Laurel Isbister Irby released her sophomore album, "Nautilus," Jan. 21 at the Commons at Eudora Welty's Birthplace. "It's something for the creative community of Jackson," Isbister Irby said. "Jackson has been a really nurturing place for me as an artist so I wanted to share that with other artists and spread that around." The event featured visual art from Tony Davenport, Jessica Russell and Ellen Langford.
Isbister Irby contributes to the growing community of Jackson in several ways. The content of her work expresses where we are and where we could be. She also chooses to share her music in specific places. Isbister Irby tries to reach out to a diverse group of people. "When I play at events, I really try to pick ones that support the type of community that I'm talking about." She played at the first five years of Jackson Free Press' Chick Ball.
"I work in a place that does some pretty neat stuff," Isbister Irby says about the D. L. Dykes, Jr. Foundation. The D. L. Dykes, Jr. Foundation is a nonprofit organization that promotes critical thinking about religion and more specifically, a liberal, progressive view of Christianity. As vice president, she does a lot of project management and coordinates projects.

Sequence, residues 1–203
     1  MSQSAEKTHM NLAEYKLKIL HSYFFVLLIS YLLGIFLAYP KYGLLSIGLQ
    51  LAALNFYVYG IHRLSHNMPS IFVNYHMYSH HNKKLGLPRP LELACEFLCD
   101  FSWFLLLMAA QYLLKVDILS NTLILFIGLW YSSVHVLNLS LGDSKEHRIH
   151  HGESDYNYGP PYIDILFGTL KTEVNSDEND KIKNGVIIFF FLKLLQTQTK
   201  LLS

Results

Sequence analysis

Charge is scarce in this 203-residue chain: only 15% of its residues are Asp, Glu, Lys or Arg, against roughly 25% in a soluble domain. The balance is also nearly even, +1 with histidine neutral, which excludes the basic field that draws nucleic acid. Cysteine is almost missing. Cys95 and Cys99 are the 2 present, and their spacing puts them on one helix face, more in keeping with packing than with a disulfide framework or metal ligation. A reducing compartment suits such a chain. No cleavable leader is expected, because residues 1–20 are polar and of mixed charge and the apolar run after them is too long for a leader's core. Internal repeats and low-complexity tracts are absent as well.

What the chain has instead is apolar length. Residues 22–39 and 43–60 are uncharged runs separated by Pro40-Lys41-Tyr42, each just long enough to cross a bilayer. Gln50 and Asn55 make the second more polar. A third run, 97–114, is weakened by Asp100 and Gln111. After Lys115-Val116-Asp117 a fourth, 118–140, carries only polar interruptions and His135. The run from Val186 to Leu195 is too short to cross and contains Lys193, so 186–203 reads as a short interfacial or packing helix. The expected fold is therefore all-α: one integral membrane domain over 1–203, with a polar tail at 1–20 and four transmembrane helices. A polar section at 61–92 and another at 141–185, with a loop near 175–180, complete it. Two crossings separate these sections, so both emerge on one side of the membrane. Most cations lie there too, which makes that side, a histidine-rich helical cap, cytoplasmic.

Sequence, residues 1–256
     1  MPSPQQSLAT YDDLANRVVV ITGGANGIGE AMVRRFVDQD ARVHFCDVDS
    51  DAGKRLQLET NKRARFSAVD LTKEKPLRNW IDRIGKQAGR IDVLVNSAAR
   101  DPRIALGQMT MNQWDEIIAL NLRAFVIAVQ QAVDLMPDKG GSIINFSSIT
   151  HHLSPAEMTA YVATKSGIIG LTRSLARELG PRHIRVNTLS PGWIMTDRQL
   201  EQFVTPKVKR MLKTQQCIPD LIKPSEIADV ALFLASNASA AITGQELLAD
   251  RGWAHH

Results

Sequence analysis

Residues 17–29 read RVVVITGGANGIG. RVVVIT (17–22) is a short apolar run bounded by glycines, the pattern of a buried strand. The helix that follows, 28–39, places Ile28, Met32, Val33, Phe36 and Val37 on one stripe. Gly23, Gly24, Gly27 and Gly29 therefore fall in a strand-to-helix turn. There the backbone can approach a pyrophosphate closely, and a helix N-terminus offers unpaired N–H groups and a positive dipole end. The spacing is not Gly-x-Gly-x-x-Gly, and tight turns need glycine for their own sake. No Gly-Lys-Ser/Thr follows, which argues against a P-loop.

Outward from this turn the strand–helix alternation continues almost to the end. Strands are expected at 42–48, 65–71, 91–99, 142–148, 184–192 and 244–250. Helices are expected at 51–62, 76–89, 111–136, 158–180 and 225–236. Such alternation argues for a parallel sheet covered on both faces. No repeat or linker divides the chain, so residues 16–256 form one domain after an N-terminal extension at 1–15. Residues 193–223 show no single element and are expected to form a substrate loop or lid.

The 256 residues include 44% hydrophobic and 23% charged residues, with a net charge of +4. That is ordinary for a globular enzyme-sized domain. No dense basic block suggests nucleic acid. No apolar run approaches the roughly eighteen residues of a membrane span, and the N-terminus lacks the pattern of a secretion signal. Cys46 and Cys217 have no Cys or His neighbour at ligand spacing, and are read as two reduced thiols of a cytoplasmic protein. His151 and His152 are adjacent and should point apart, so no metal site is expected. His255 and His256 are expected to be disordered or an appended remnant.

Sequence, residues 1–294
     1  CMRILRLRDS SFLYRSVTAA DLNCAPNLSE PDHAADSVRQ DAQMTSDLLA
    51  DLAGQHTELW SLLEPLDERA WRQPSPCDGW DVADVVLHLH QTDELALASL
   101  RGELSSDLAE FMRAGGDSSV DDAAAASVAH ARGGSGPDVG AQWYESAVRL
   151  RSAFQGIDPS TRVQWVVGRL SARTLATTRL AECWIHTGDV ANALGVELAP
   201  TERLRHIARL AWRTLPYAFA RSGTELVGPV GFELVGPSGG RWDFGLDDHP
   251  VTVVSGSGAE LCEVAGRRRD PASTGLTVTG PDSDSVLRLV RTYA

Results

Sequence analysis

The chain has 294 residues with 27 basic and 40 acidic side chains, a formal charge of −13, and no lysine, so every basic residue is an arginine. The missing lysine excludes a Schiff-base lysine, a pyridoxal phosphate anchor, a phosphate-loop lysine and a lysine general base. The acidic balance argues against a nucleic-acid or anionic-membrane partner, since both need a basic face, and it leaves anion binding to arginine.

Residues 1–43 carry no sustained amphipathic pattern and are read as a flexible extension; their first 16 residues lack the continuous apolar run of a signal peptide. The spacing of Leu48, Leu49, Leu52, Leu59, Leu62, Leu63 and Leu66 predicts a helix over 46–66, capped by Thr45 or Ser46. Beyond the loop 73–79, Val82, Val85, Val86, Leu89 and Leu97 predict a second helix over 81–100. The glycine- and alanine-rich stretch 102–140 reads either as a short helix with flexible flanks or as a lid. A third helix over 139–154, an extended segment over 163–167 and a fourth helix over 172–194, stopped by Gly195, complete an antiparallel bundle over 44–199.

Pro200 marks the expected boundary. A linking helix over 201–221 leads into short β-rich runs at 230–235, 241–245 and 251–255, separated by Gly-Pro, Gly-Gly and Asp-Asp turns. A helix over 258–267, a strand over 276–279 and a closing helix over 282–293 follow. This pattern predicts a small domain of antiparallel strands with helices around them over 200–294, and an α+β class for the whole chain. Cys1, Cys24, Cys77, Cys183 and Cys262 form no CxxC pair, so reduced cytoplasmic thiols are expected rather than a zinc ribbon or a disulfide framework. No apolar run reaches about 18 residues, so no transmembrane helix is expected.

After a week off of her job at the foundation, she decided that it was time for another record. She had more than 40 songs to choose from and didn't know where to start until she started reading about how people blended the art of haiku with other styles of art like painting.
"I was like, wow," Isbister Irby said. "Maybe I could take this new record and every song title could become a word in a haiku poem, so that's what I did."
Isbister Irby also performs with Lazy Jane and is working on a new electronic project with Wes Hughes and her husband, Daniel Irby.
Isbister Irby moved to Jackson in 2003 and previously lived in California. Her mom's side of the family has lived in Mississippi for about nine generations. As a child, she often visited the Delta, which is where her grandmother lived. She was sent a copy of the JFP so that she could see what was going on and liked what she saw.
"I'm a southerner at heart and the south is really where I need to be and want to be. I wasn't really aware of that until I went away and came back," the North Carolina native says.
"Part of why I'm here is I feel like there are problems that my family contributed to, and it's up to the next generation to try to heal those problems and try to heal those divides," she says. "I'm definitely inspired and supported here, but also part of why I'm here is to address the challenges of the history of race relations and trying to create a new vision for how the city could be. I'm just one part of that and I find that to be valuable as a way of living. I just want to dig in and try to make things a little better if I can."